Raleigh in North Carolina is currently the fastest growing city in the USA. It is in fact only in November 2013 that MANN+HUMMEL opened a research facility there. In recent years, many pharmaceutical, technology and automotive companies have been set up in Raleigh. There are now over 170 such companies, with a total workforce of over 40,000.
Raleigh, together with Chapel Hill and Durham, make up the so-called Research Triangle. The underlying idea is to strengthen networking between companies, universities and research institutes. Just as in France, with our co-operation with the Ecole de Nantes, research results are exchanged and shared by laboratories and workshops under the key word ‘sharing environment’.
Colleagues from the department I was going to be working in moved from Portage to Raleigh just a week before I arrived. For me, this was great, because everyone was keen to explore the area and we travelled around a lot together, something which created a bond between us.
One of the most beautiful destinations we visited was the ‘Historical Triangle’, comprising Williamsburg, Yorktown and Jamestown, towns established by the first settlers a long time ago. There is therefore an open-air museum in each town with recreated Indian villages or original size boats. You can have discussions with the actors on site there, and ask questions. The museum in Williamsburg is even built like a small town, with two kilometre-long streets and shops.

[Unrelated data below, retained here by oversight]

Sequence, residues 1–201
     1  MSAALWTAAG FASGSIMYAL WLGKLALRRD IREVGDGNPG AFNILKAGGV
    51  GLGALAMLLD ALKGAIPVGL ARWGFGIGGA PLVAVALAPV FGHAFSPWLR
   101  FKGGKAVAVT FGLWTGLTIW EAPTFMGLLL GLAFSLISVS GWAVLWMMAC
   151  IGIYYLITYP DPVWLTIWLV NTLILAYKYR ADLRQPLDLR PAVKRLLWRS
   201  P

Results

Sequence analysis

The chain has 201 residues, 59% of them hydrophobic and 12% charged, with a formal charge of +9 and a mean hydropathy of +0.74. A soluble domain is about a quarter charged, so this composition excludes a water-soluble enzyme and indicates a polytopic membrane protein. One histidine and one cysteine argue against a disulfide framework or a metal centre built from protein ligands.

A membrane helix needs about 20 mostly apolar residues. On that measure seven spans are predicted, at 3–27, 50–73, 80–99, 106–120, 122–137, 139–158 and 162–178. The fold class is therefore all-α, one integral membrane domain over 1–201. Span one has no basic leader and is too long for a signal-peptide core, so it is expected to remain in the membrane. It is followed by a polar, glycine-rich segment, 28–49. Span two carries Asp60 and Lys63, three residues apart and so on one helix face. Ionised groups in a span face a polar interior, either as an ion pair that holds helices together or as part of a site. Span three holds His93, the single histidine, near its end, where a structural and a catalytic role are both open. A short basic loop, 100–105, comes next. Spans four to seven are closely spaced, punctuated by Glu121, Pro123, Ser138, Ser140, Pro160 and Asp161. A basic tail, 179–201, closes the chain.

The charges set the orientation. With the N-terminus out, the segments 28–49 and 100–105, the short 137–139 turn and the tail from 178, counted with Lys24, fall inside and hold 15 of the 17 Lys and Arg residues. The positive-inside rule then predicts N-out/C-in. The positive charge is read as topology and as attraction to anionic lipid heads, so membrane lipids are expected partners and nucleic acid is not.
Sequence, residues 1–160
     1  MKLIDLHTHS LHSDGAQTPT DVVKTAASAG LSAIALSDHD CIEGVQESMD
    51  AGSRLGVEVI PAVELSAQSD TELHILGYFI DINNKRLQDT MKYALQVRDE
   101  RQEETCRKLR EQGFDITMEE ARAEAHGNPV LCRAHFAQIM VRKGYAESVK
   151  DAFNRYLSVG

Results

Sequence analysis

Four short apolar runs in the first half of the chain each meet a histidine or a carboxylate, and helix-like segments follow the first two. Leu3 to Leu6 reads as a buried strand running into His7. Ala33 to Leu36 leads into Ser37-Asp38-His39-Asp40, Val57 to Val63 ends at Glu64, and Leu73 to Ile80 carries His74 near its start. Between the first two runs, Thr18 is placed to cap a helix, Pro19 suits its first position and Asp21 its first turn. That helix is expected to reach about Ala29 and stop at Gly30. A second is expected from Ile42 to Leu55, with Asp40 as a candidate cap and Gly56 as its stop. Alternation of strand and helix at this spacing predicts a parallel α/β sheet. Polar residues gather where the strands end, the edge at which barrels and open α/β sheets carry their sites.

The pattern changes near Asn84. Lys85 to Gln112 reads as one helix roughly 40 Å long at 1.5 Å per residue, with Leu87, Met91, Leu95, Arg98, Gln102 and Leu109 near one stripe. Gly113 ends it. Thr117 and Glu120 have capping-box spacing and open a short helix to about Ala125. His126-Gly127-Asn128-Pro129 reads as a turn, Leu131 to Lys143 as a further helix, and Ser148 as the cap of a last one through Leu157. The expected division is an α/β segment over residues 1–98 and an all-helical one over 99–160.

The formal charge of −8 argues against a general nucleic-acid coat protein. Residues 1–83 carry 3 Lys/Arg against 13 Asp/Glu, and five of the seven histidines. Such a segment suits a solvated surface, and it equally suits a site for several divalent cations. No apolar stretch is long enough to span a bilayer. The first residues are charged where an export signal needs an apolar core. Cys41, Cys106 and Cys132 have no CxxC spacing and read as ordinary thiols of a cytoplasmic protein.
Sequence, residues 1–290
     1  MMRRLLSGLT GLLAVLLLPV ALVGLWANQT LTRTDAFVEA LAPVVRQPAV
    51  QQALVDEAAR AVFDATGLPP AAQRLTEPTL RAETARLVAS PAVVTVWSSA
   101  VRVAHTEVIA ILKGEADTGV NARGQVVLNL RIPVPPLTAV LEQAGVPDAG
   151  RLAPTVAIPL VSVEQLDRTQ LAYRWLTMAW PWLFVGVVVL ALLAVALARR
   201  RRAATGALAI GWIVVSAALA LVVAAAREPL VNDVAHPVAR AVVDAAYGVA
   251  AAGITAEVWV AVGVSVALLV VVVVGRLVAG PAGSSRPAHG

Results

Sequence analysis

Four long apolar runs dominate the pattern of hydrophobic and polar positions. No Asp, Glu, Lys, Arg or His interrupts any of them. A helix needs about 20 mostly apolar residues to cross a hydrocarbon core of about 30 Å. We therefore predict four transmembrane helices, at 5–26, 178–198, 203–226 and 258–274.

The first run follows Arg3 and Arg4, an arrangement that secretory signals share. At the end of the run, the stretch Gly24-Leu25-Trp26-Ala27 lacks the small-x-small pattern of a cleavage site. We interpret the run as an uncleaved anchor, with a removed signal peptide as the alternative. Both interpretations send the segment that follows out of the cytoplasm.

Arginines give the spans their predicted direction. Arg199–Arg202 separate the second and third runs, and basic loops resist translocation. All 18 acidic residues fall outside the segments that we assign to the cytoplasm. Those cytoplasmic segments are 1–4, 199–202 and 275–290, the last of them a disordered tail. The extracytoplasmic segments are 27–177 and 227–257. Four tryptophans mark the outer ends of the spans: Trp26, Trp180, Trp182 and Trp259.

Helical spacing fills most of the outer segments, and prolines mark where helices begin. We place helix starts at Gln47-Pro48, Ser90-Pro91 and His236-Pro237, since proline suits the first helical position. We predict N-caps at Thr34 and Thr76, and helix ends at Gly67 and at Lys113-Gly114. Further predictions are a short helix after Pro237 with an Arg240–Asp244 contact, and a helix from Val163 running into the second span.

In Raleigh, I worked in ‘Product Management’ and helped Sandra Schembera, who supported and looked after me throughout my stay. My tasks included revising and extending the MANN-FILTER product catalogue and preparing for the AAPEX Exhibition in Las Vegas. We created a new stand concept in order to integrate Purolator. We worked closely with the marketing department in Germany, where I had worked prior to my stay in Raleigh. This very much helped me to understand the corporate topics. Cutting a video clip, which was then run at AAPEX, was also great fun. It was extremely time-consuming, but it made a nice change from working on the product catalogue.
I was really struck by the open and friendly manner of the Americans. On one occasion, a lady came up to me in the fitness centre and said how much she liked my T-shirt. Then she simply smiled and went on her way. I am still in contact with the wife of colleague who had recently moved to Raleigh. She invited me round a number of times and I came to understand the ‘American way of life’. We often laughed about cultural differences and stereotypes, some of which we agreed were quite true. On leaving, another German student and I baked an onion tart for our new American friends, which was very well received.
I can certainly recommend spending time abroad. Three months is a good time to gain a first impression of a country. The period of time is however limited, so you don’t get too homesick. Afterwards, you know whether living and working abroad would be suitable for you, or whether you would prefer to stay in Germany. After my trip to Raleigh, I could well imagine myself spending several years working abroad.